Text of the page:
Tuesday, July 8, 2008
The Arizona Supreme Court recently approved a hearing officer's recommendation for a 30 day suspension plus one year probation in a matter where the lawyer had represented the wife of a doctor prosecuted for hiring someone to kill another physician. The lawyer wished to be present for his client's testimony at the murder trial and advised the trial court that he had a doctor's appointment at the scheduled time for the testimony. The judge's assistant learned that, in fact, the lawyer had teed-off with his regular golf group at the Tucson Country Club. One assumes that the judge also was teed-off. The lawyer contended that he had attempted to see a doctor and joined the golf group later in the afternoon.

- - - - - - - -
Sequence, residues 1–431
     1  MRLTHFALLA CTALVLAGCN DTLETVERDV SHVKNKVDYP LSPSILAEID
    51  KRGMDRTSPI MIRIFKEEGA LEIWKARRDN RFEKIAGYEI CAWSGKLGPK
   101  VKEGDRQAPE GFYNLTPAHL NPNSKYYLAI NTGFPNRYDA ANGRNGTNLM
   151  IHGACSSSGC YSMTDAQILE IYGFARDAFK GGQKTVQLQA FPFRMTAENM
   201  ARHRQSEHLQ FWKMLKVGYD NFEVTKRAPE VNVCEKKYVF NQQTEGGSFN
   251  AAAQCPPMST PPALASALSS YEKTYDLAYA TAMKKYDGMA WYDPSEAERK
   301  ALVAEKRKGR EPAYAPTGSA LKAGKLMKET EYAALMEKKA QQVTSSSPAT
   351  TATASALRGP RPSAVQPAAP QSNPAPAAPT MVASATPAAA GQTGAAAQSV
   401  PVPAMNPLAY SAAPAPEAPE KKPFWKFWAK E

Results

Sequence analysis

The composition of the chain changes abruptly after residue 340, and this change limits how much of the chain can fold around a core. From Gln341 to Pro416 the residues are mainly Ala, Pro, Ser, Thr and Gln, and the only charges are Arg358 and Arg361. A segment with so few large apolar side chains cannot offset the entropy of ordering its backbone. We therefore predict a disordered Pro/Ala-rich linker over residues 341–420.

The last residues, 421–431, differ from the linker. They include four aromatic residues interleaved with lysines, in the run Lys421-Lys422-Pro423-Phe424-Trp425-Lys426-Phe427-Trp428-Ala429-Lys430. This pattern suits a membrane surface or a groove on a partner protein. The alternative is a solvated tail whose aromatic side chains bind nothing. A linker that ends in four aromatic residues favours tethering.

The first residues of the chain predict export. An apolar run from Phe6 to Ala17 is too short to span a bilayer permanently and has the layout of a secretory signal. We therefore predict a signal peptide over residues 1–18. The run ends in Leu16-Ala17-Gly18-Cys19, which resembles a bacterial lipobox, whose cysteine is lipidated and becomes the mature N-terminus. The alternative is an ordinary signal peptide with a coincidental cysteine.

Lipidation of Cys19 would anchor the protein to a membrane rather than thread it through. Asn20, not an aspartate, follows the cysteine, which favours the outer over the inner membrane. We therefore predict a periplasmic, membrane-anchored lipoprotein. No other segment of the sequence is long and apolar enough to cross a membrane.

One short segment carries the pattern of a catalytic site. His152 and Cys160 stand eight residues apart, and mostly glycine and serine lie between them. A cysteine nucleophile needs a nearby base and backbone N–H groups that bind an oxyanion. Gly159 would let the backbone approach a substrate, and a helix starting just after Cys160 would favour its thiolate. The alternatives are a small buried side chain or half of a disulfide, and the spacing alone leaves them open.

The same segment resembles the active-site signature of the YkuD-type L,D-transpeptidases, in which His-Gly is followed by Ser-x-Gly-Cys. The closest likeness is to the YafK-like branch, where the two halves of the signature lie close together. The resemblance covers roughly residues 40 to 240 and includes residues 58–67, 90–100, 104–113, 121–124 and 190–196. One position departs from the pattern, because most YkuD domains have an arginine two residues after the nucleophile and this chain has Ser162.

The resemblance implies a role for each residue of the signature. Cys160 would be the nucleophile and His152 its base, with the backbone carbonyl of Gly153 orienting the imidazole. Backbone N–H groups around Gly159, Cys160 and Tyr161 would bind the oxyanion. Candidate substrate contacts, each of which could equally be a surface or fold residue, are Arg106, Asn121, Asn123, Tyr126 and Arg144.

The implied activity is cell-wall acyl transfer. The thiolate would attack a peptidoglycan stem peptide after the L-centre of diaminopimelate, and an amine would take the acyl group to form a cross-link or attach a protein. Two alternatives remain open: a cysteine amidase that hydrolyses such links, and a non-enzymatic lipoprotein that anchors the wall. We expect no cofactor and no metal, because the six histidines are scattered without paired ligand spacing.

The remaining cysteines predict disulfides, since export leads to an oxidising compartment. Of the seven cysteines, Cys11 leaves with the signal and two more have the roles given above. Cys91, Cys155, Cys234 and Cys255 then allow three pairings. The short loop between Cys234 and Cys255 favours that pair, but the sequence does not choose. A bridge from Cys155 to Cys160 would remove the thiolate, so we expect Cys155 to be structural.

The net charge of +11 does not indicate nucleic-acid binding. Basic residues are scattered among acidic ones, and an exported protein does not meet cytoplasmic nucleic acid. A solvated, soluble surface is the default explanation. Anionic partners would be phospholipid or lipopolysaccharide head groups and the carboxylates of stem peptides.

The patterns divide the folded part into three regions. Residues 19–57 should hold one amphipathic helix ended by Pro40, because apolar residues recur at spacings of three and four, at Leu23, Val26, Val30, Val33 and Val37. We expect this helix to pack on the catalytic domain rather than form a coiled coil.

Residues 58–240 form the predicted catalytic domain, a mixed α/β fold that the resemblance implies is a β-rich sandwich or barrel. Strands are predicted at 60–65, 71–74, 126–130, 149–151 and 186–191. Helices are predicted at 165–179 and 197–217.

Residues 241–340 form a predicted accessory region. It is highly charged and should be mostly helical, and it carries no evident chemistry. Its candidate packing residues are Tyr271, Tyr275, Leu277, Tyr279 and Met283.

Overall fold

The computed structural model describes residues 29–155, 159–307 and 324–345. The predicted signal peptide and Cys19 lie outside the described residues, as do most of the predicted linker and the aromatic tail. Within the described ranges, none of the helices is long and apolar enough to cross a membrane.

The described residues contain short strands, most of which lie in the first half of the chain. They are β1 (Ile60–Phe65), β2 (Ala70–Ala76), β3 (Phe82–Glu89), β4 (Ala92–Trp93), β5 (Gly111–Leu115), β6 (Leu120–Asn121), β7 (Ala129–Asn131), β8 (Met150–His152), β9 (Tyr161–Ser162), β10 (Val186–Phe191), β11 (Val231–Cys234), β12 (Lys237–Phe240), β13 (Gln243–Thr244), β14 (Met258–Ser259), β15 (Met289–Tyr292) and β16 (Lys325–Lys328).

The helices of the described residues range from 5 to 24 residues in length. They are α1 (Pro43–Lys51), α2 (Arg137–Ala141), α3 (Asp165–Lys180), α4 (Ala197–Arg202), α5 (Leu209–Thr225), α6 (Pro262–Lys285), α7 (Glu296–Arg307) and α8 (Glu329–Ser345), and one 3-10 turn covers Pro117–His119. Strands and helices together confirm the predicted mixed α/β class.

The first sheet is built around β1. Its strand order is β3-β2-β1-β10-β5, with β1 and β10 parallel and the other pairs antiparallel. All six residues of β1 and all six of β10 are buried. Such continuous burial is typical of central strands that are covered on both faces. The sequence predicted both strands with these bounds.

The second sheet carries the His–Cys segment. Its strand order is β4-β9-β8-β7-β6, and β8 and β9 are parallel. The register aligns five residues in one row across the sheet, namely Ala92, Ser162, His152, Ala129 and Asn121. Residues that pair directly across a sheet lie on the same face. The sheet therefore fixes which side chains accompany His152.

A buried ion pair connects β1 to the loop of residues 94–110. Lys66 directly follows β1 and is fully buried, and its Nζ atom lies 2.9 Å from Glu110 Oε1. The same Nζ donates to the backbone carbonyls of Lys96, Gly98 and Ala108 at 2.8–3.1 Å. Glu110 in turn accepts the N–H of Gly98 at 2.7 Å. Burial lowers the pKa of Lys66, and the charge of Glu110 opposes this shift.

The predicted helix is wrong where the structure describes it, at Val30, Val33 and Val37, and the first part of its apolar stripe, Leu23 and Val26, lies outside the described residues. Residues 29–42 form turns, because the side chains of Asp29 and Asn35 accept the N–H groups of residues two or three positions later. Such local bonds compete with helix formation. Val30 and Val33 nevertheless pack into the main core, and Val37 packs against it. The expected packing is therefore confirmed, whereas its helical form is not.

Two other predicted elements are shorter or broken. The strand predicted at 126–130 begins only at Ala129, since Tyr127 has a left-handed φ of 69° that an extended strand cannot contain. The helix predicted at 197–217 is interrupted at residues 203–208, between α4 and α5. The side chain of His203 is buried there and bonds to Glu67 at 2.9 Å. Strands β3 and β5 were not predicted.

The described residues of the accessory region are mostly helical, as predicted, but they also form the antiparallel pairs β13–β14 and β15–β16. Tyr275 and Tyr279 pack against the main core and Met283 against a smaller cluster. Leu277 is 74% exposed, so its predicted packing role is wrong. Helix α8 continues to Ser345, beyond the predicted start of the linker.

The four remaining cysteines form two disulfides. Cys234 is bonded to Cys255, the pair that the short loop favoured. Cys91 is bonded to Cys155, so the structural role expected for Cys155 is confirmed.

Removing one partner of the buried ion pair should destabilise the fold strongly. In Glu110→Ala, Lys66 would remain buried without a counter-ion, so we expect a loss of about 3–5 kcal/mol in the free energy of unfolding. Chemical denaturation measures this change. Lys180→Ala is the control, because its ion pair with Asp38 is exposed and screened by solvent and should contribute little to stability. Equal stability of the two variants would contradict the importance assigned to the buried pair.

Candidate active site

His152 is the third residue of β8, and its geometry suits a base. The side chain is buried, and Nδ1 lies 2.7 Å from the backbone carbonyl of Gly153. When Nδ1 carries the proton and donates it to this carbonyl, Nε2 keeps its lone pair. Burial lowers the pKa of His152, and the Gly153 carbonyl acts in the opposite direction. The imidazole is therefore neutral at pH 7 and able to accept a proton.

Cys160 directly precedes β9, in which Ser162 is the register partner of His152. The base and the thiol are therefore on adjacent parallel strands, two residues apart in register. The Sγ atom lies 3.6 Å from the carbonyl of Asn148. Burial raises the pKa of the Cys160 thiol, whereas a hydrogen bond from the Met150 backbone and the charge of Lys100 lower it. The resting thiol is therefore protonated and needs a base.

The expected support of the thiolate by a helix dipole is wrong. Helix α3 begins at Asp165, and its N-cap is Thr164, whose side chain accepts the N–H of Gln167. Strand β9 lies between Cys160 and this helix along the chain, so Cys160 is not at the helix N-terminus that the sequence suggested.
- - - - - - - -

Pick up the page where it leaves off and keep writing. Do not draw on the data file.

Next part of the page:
The hearing officer found that "there is... a difference of opinion about what happened and when" and that "some important questions cannot be proved by the clear and convincing standard." Nonetheless, an agreed disposition of the charges was accepted after a proposed non-suspensory sanction had been rejected.
One requirement of probation is that the attorney "attend an ethics class on integrity, honesty and the absolute necessity of candor toward the tribunal." Didn't we learn this in kindergarten? Is there really a CLE class on this? (Mike Frisch)